There are obvious concerns about employee health and the rate at which the virus is spreading, and management teams are confronted with massive challenges to their businesses. These range from potential cash flow problems to concerns about staff availability when schools and child care facilities close.
There are also acute operational matters, for example in terms of working from home and taking extra protective measures to ensure safety of vulnerable employees. There are nine clear lessons we learned from other crises, observing them through the lens of our field of expertise, employee engagement. Watch the video of the webinar we hosted on this topic, or read on below the video.
In times of uncertainty, employees expect leadership from their management. Everyone now suddenly looks at "the boss", especially in organizations where decision making is very decentralized, and where employees are used to a high degree of independency and autonomy. If you continue to expect the same high degree of independency and autonomy from your employees, you will not meet their needs. You can obviously delegate certain actions, but now is the time to lead!
Employees expect concrete measures to be taken, even if there may be a downside to that. Where normally there would be plenty of time to deliberate on the interests of all parties affected by your decisions, it is now speed that matters.
2. Stay calm
One of the most difficult things about the Corona crisis is that it is still completely unclear how long the virus and all its wide-ranging consequences will continue to affect us. The question is: are we dealing with a temporary dip, which may be followed by a large recovery due to increased demand in the second half of the year, or the start of a protracted recession? There are major differences between sectors.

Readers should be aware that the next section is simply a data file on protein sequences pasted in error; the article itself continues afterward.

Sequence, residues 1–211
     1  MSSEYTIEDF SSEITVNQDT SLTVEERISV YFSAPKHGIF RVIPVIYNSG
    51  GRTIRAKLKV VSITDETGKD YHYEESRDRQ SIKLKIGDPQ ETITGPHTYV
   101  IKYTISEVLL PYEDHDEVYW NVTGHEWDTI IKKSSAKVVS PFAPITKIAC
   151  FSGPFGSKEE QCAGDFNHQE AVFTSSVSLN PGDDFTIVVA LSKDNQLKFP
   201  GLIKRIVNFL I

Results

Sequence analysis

Prepare for different scenarios. Decide at which moments or at which events you want to make which decisions. The magnitude of the total impact of Covid19 is likely to become clearer in the coming weeks and months.
Most importantly, fear is a bad advisor. Experience from previous crises tells us that companies which opted to make ad-hoc decisions, such as major layoffs, in a sort of panic often needed years to recover.
3. Recognize the human element
In almost every country, leading (state) agencies provide clear guidelines on how you as an employer can protect the health of your employees.
Employees are concerned about their own health and that of their loved ones. They also worry about all kinds of operational matters: can I work from home? Is care for my children available? How can I take care of my parents? They may also be worried about whether their job is at stake.
Make it clear to your employees that you are aware of their concerns and will do your best to accommodate their needs. The extent to which this is possible will vary from organization to organization.
4. Communicate honestly
Unless you sell disinfectant hand soap, it is unlikely that your organization will get through this period completely unscathed. Your people know that better than anyone. So be open about the situation without panicking.
Make it clear that the health of your employees, customers, and suppliers is now your number one priority but remain honest about the impact it may have on your company.
Say it outright: “This crisis is damaging to our organization. We expect that the total impact will be X in scenario A and that this can increase to Y in scenario B." Or: "It may cost us two (or three, or six) months of turnover."